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I have owned a HP42 since 1990. Being a surveyor it has had some heavy use. It has never failed me.
Eventually I moved onto the HP48 and then progressed right up to the HP50. In the mean time the HP42 has always been a sort of reserve calculator. Now that I have a HP50, I find that it has been ages since I have used the HP42. In fact about 18 months. That is when I found that the batteries were flat.
I made a mental note to get batteries but being slack I did not follow up. To day I did get some batteries and installed them. Much to my surprise I found that all my old programs were still there!!!
So you can get lucky sometimes.
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Low power CMOS RAM... World would be a sad place without them.
Cheers.
Luiz (Brazil)
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Glueck = Good Luck
Unglueck or Pech = Bad Luck (to varying degrees)
I've had the same situation twice recently, when switching on an HP42S for the first time in many months.
The first one was a pre1990 flatdisplay model showing a lowbattery indicator, and retaining a fair amount of stored programming. I replaced all three cells quickly, knowing that some HP42S have been known to lose contents of Continuous Memory during routine battery changes. All my CM was retained. It was the second successful battery replacement of that unit.
Then, one of my post1990 recesseddisplay models would not even turn on after many months. It had many of the same stored programs, I believe. After quickly replacing the battery, no such luck: "Machine Reset" displayed upon powerup with the new battery, and all my CM was lost.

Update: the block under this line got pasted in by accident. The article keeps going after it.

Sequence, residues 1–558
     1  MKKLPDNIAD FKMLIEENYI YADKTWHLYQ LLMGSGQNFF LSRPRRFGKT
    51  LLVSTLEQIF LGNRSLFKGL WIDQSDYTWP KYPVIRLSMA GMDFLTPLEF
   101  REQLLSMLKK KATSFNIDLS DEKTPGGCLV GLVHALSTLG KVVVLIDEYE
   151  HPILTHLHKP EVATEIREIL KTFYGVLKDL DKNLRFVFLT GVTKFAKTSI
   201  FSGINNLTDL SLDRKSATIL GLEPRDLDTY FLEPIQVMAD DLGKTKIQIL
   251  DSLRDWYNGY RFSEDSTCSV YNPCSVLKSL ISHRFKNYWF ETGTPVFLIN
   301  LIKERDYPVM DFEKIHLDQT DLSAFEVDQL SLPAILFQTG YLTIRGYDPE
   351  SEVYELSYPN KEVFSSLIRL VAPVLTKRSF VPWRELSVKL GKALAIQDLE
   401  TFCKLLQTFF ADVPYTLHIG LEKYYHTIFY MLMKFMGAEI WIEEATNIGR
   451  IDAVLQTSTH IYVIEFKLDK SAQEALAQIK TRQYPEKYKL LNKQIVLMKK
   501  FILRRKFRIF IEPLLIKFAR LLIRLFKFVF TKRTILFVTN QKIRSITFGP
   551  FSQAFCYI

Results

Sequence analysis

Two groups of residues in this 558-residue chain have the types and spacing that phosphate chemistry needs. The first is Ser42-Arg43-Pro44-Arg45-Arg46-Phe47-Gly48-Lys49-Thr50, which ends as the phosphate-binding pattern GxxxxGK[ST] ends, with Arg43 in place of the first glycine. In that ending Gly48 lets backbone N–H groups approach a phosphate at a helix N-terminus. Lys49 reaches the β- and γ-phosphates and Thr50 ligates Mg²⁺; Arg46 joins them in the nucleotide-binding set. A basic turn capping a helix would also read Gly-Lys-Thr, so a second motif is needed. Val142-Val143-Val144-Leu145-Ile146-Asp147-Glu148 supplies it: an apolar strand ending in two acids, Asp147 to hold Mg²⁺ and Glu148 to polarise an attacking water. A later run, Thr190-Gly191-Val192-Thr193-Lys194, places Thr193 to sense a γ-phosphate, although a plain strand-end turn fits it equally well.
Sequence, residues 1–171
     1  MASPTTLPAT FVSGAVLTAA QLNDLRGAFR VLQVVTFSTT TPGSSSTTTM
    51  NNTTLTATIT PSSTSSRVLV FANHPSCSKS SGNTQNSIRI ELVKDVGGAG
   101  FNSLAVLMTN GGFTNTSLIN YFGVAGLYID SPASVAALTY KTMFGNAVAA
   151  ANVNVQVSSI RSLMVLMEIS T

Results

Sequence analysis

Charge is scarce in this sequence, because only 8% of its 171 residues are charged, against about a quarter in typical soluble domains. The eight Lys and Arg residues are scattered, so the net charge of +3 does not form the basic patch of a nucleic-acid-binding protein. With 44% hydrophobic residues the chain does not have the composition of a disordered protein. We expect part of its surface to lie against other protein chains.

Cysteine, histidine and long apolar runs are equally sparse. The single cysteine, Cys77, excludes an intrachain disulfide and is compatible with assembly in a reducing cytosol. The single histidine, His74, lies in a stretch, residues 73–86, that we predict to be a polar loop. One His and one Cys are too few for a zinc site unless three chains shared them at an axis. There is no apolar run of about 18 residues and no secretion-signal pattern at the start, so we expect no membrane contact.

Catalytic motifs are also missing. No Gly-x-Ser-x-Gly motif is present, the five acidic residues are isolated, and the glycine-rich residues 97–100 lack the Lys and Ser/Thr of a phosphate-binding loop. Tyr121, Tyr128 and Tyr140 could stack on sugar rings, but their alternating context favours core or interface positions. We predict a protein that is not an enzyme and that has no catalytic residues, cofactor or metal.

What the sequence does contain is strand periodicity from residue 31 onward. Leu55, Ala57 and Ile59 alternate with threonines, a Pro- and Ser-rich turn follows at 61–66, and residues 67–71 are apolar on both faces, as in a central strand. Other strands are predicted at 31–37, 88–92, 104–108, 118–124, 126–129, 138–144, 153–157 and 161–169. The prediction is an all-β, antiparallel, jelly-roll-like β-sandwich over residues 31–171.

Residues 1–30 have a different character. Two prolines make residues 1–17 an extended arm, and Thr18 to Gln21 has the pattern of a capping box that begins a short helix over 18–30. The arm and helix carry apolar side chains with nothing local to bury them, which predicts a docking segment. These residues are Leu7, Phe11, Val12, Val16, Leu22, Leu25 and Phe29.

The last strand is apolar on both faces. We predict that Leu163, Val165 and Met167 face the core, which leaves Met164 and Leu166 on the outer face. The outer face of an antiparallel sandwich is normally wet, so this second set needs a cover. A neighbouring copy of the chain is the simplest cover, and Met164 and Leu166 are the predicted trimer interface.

One can't let the battery get too discharged, or the capacitor that helps to retain CM will also get discharged.
Battery life can be extended on Pioneerseries models with time clocks (HP17B, HP17BII, HP27S) by putting them into "coma" mode when not in use, shutting off the clock: Turn off by simultaneously pressing the keys in the upper and lower right corner positions along with the on/off key in the lower left corner.
The HP42S can also be put into coma mode, but I doubt that doing so has much effect.
The HP41 tends to preserve CM well. If the battery is low ("BAT" indicator on), the CX/Time Module clock will not operate, and trying to do so will turn the unit off. However, the CM is fairly safe. Needless to say, electronic backup is possible with the HP41.
 KS
Edited: 18 Nov 2009, 1:13 a.m. after one or more responses were posted
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Karl,